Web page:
So much of the business world revolves around the old mantra, “If it ain’t broke, don’t fix it.”  Even as it relates to the receivables that companies depend on for cash flow, adoption of new payments technology oftentimes takes a backseat to other business initiatives. When retailers and billers face resource constraints that prohibit them from quickly responding to this changing landscape, collaborative partners can offer the technology that’s needed to meet the needs of modern consumers.

The ripple effect of negative customer experiences

It’s important to remember that savvy consumers have easy access to tools that can broadcast one negative experience to a large population of potential customers. Twitter, for example, gives users 280 characters to deliver brand-specific messages to over a billion audience members. Customers can post negative reviews on a variety of websites and search engines. And word-of-mouth travels quickly on social media platforms.

For retailers and billers, technology that facilitates positive customer interactions and counteracts negative experiences before they happen is more important than ever. Enhancing your payments strategy to offer quicker, more convenient ways to pay is just one way of streamlining the customer experience. Not only can this create positive brand interactions for your end users, it can also empower your business to collect its money faster.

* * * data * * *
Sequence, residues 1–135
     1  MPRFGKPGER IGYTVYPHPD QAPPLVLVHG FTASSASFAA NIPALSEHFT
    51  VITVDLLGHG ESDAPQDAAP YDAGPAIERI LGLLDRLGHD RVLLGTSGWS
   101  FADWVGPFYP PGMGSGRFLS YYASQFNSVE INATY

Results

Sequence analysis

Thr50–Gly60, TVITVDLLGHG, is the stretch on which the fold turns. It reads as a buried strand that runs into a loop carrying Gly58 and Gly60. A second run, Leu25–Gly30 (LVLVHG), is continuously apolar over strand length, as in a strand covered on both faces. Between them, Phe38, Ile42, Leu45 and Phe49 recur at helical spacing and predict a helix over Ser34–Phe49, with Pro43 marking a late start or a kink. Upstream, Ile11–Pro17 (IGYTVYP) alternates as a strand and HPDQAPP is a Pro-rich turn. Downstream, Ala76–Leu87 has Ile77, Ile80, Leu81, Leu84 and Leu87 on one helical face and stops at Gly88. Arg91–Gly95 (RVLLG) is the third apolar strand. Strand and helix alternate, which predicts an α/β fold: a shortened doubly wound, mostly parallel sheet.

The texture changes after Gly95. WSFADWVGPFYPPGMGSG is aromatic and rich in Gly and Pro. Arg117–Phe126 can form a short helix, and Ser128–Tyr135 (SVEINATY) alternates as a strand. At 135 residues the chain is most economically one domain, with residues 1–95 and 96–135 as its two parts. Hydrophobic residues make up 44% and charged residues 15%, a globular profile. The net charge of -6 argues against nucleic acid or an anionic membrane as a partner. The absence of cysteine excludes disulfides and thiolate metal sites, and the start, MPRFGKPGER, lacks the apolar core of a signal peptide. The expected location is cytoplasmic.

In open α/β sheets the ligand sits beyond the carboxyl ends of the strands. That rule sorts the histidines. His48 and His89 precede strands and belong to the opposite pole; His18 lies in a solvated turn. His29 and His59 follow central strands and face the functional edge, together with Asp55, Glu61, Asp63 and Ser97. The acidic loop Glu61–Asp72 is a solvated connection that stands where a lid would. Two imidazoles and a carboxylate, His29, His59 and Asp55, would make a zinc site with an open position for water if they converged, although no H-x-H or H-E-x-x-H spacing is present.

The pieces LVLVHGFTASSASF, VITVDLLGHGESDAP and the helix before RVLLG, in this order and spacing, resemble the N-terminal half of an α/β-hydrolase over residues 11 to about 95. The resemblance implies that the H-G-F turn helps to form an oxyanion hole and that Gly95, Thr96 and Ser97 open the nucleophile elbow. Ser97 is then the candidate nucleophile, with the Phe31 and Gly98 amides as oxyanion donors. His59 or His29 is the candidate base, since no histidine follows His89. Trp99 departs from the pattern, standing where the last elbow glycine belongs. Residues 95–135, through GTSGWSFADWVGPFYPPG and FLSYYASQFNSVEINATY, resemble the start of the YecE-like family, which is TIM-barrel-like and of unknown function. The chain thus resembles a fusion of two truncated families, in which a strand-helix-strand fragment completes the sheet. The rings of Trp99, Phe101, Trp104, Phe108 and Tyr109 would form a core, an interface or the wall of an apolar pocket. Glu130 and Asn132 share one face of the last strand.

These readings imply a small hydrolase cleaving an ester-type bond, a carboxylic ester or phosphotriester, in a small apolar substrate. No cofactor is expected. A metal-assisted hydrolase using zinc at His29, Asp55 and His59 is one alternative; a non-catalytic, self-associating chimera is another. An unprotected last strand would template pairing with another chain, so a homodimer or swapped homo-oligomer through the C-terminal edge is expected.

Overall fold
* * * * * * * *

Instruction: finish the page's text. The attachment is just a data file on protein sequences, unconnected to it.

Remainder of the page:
Conclusion

Customers’ expectations are changing rapidly, and businesses must habitually find new ways to serve them. Commerce and payments technology that’s used widely today wasn’t even in existence yesterday and this rapid evolution continues to drive a new era of customer relationships. Adopting a comprehensive yet easily adaptable payments strategy has never been more important and will only continue to grow in importance over time.  

Whether retailer, biller, or bank, we’re all stakeholders in today’s ecommerce world. It’s up to all of us to come together and provide new customer experiences that are fast, secure, and, most importantly, satisfactory to our patrons.

The Bottom Line: Technology is changing consumers’ expectations when it comes to their payments. Retailers and billers of all sizes can find it challenging to stay at the forefront of these changes. When they face resource constraints that prohibit them from responding quickly, collaborative partners can offer the technology that’s needed to evolve strategy and deliver tailored customer experiences.

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Nathan Marquiss Director of Sales Nate Marquiss is an innovative, consultative, and seasoned sales executive who is focused on providing value to his clients by developing and selling payment and money movement related technology. He has a successful track record creating strategies and delivering solutions for some of the world's largest financial services organizations in the areas of global payments, retail banking, wholesale banking, credit cards, and international remittances.